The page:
Tagged With reading

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My 6-year-old and I have been enjoying a children’s book series called “You Read to Me, I’ll Read to You.” These books are formatted for two people to take turns reading different parts, like a script. We sit side-by-side, playing different characters and doing all the silly voices (I’m expecting a nod from the Academy for my role as the Big Bad Wolf). It’s been fun, and it got me thinking that eventually, we should start reading real scripts.

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You've seen the boxes around your neighbourhood. Many look like one-room schoolhouses. Others look like mini replicas of their owners' homes. Since 2010, book lovers have set up more than 60,000 Little Free Libraries in 80-plus countries across the world, designed simply to be free exchanges that, according to Margret Aldrich, a media and programming representative with LFL, "inspire a love of reading, build community, and spark creativity."

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We all need a little area where we can decompress after a long day, when we’re in a bad mood or when we just need a little alone time. For you, that might mean relaxing in a hot bath or reading a book in your favourite quiet spot. For kids, a dedicated calming area can be an oasis amid overstimulation, power struggles and sibling rivalry.

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A reading survey by Scholastic revealed something they’re calling the “decline by nine.” According to the report, the percentage of kids defined as frequent readers—those who read books for fun five to seven days a week— drops from 57% among 8-year-olds to 35% among 9-year-olds.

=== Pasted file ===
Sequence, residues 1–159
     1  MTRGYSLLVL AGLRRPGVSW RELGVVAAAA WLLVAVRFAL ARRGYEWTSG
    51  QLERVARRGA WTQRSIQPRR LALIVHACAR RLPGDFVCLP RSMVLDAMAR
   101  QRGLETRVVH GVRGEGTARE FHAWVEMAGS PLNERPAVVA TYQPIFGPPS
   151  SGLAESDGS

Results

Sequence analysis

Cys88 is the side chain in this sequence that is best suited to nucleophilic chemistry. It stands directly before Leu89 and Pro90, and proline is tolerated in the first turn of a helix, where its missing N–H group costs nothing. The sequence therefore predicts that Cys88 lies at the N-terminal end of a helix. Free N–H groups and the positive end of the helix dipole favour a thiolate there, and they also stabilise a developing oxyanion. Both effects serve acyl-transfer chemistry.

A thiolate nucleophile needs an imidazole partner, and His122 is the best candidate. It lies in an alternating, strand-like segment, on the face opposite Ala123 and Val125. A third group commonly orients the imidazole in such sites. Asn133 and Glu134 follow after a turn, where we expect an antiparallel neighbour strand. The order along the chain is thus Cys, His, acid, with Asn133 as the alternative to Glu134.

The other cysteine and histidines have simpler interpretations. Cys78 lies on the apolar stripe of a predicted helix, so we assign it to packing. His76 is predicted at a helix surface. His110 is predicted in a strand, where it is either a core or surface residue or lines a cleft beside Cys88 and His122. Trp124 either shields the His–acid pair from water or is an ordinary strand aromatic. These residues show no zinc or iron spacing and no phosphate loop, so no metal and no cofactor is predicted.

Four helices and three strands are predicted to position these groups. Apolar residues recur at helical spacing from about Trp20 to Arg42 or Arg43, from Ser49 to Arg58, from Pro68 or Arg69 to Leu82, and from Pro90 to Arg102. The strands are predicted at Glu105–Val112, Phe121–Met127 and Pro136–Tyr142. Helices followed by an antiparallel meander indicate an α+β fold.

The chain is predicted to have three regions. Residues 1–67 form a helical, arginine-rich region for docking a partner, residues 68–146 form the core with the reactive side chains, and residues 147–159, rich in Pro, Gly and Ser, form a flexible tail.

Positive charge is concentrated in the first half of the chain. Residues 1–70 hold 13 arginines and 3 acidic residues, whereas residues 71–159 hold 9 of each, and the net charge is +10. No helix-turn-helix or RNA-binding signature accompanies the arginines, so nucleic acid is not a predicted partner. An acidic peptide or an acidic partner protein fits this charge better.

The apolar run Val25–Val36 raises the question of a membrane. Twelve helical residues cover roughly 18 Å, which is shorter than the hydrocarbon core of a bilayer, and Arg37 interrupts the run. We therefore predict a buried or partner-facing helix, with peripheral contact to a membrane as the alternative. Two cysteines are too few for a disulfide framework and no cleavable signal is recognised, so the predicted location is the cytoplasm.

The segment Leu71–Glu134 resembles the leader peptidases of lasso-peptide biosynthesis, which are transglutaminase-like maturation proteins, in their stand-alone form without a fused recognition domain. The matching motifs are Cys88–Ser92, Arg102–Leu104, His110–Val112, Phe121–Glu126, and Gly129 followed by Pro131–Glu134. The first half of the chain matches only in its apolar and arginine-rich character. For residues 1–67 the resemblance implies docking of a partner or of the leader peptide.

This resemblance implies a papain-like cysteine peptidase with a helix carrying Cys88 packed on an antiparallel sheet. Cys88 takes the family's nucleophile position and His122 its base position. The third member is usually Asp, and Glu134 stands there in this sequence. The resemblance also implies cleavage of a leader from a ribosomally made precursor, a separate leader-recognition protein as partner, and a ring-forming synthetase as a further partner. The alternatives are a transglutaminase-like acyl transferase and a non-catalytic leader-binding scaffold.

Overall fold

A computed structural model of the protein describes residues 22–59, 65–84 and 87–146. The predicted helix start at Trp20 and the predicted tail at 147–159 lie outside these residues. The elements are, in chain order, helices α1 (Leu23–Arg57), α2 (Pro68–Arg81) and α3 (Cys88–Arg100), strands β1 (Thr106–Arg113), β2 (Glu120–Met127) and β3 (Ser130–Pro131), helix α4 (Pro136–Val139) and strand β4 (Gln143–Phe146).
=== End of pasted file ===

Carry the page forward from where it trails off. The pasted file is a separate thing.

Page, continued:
Between ages eight and nine, the number of kids who say they love reading plummets from 40% to 28%. What happens during this year, and more importantly, what can parents do to keep their young readers reading, willingly?

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I have a few rules for choosing non-fiction books: I won’t read a book promising to reveal the “insider secrets” of an organisation or field. (The author only knows 1 per cent of the secrets, and they’ll oversell them.) If I find a book too broad or challenging, I go down a reading level — or even find a comic book version with a reliable co-author. And I don’t commit the way I do to fiction — sometimes I only need to read one chapter.

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“How do I build a steady reading habit?” asks redditor 6hlooo on r/TrueAskReddit. “I was always the kind of person to read a book and stop reading after a few pages. I know what the benefits of reading are, but I just can’t seem to motivate myself to read consistently. What do I do?”

Redditors answer with great tips for getting into the habit. The secret is in letting yourself read what you like, and taking practical steps to make it easy to pick up a book. Out of 60+ comments, here are the very best.

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New parenthood is equally exciting and overwhelming, joyful and terrifying. There’s no shortage of advice out there: If you search for “parenting books” on Amazon, more than 60,000 results will appear. On one hand, it’s nice to live during a time in which information is so readily available. On the other hand, how would you possibly know where to start?

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I usually have about 90 articles in my Instapaper, and I’m OK with that. I get around to articles a month after everyone stopped talking about them. I look through my queue like it’s a ten-page diner menu, ignoring certain articles for weeks until I finally decide to read or delete.

It could be worse; once I had 500 unread articles. But if your reading list bums you out—if you wish you could declare bankruptcy on Pocket or Instapaper—then you should try the new competitor, Reading Queue.

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In the hallowed words of US poet Gertrude Stein, whoever said "money can't buy you happiness" was shopping at the wrong store. However, building wealth takes a considerable amount of skill - especially if you don't have tons of disposable income.

These personal finance books provide strategies for everything from creating a budget, to clawing your way out of debt, to teaching your kids how to be wealthy.